“We have to decide how we will let AI impact our lives”
Column by Thomas Schön, Uppsala University
Artificial intelligence is here to stay, and its impact on our lives will continue to expand. With the five-year AI for Research initiative, Uppsala University is taking an interdisciplinary approach to developing this new technology, writes Thomas Schön, professor of control engineering at Uppsala University.
Today there is a lot of discussion about Artificial Intelligence (AI) and machine learning, which are both exciting and positive challenges for those of us working to develop this technology. The reason I began 10 years ago to research machine learning, an important part of AI, was because I simply could not resist. I saw a new field where I could use the mathematics I like so much to solve many more problems than what I previously had access to. The feeling, which has only grown stronger, is that there is an unlimited number of exciting problems to tackle.
When we want to use a computer to do a job, the classic way is to program the computer with defined rules. With machine learning, we let the computer draw its own conclusions, for example, based on what the data looks like or how others have solved the problem. This can require large amounts of data, but the payback is enormous. There are many examples of how machine learning has found new patterns and solved tasks more accurately than humans and traditionally programed computers have been able to do. And machine learning is in no way magical. Under the bonnet it uses learning algorithms that adapt flexible mathematical models to data.
This is a technology that impacts us more than we think, and its impact will likely only increase. Like all technology we develop, it brings with it both good and bad sides. That’s why it is necessary that we grasp the full extent of what we create while we use it to solve the important challenges we are facing.
It is against this background that, after much consideration, I took on the assignment nearly two years ago to consider what Uppsala University should focus on within AI. The assignment was both challenging and inspiring, and after many interdisciplinary discussions, we will soon be launching AI for Research, a five-year initiative where researchers and doctoral students from the entire University will come together in new facilities that are just being completed at Carolina Rediviva.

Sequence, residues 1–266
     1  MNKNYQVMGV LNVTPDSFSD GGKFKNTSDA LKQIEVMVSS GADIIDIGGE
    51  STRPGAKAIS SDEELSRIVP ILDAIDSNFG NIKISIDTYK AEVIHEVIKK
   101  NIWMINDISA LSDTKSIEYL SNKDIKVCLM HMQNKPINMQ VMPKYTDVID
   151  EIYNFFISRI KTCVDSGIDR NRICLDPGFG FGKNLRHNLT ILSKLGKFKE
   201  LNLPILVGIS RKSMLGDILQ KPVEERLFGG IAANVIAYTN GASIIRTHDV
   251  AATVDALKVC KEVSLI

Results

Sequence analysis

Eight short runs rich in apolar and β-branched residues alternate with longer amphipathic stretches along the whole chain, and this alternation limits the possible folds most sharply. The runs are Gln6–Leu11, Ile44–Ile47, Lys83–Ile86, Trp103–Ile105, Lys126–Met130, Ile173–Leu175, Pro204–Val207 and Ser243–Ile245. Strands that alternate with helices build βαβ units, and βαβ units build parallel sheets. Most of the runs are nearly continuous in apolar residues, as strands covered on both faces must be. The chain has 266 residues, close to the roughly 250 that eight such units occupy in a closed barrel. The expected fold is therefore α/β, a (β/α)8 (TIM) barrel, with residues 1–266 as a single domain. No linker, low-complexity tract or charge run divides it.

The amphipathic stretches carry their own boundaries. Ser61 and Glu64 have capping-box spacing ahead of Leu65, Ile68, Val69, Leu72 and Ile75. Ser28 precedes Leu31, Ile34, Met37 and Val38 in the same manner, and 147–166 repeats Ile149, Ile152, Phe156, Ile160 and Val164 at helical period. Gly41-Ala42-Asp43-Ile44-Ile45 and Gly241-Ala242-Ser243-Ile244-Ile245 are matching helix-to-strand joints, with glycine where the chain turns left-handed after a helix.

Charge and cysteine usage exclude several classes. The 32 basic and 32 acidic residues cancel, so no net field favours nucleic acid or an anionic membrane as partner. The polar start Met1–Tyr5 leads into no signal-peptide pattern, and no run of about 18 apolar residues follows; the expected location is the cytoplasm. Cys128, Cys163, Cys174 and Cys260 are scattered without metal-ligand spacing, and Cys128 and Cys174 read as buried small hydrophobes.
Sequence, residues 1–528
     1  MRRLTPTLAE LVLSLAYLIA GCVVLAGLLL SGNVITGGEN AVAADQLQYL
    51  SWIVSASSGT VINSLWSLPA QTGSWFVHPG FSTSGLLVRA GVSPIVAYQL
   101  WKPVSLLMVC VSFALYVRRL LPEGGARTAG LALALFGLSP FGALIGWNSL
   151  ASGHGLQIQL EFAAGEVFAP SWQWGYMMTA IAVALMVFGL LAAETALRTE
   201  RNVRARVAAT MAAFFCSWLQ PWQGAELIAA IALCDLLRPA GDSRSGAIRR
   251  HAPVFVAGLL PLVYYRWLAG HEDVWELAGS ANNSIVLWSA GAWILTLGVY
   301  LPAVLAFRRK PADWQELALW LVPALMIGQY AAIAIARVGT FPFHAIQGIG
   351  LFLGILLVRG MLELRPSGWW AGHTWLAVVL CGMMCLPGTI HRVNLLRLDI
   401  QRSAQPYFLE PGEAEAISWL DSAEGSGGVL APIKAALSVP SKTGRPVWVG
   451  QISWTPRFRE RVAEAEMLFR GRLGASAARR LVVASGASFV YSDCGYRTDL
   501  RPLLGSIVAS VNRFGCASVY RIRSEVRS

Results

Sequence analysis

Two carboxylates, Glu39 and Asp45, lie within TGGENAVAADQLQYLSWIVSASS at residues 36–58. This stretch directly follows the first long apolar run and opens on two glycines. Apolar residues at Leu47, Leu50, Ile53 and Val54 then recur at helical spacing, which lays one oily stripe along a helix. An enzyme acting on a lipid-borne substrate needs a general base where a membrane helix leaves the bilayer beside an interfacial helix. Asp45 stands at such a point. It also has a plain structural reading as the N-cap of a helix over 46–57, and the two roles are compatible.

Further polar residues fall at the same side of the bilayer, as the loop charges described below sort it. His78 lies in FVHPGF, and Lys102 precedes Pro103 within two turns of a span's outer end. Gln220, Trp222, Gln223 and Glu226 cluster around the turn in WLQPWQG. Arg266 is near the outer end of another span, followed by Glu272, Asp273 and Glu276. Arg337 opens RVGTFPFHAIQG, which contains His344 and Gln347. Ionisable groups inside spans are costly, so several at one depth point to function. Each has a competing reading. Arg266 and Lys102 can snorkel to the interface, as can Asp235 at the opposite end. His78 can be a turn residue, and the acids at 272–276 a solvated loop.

The first thing many people think about when they hear AI for Research is the application of AI within other fields. And certainly, we will pick some low hanging fruit like that. But the backbone of our strategy is a structured and productive interaction between basic research and applied research.
The key is identifying parallel projects in different teams that share the sense that the project is genuinely relevant and that share the commitment to realise the project. The groups able to identify these projects are well positioned to help each other move forward. Subsequently, we need links between the projects and the groups, something we will create through physically moving one or more individuals between the teams.
A concrete example is the collaboration we have created in the last two years with cardiologists in Brazil. Researchers like myself in machine learning are passionate about new mathematical models and algorithms that increase the ability of computers to handle processes that change over time, like our heart. The cardiologists, on the other hand, are passionate about creating better care and increasing medical knowledge about the heart using unique data they have collected over the last 10 years. The collaboration was possible because a Brazilian doctoral student spent about a year in our group in Uppsala, which revealed natural and exciting connections between our separate groups. This has also led to interesting and productive collaboration with heart researchers here in Uppsala.
My vision is that AI for Research will contribute to parallel and collaborative projects that continue to develop at the department and revitalise both research and teaching at Uppsala University. This assumes mutual trust and understanding, which is one of our important tasks. As a wise person once said, I believe that if humans spend more time trying to understand each other instead of trying to be understood, then we will make much more progress in a much more pleasant way. Something that likely applies to research within AI as much as it does to all types of human interaction.
My hope is that AI for Research will help us to reflect wisely over how this technology impacts us as a species today, how we want it to impact us in the future and to contribute to creating the right type of technology. There is no doubt that what we develop will have an impact on us. The question is simply how we want that to take place.
Professor of Automatic Control
Department of Information Technology
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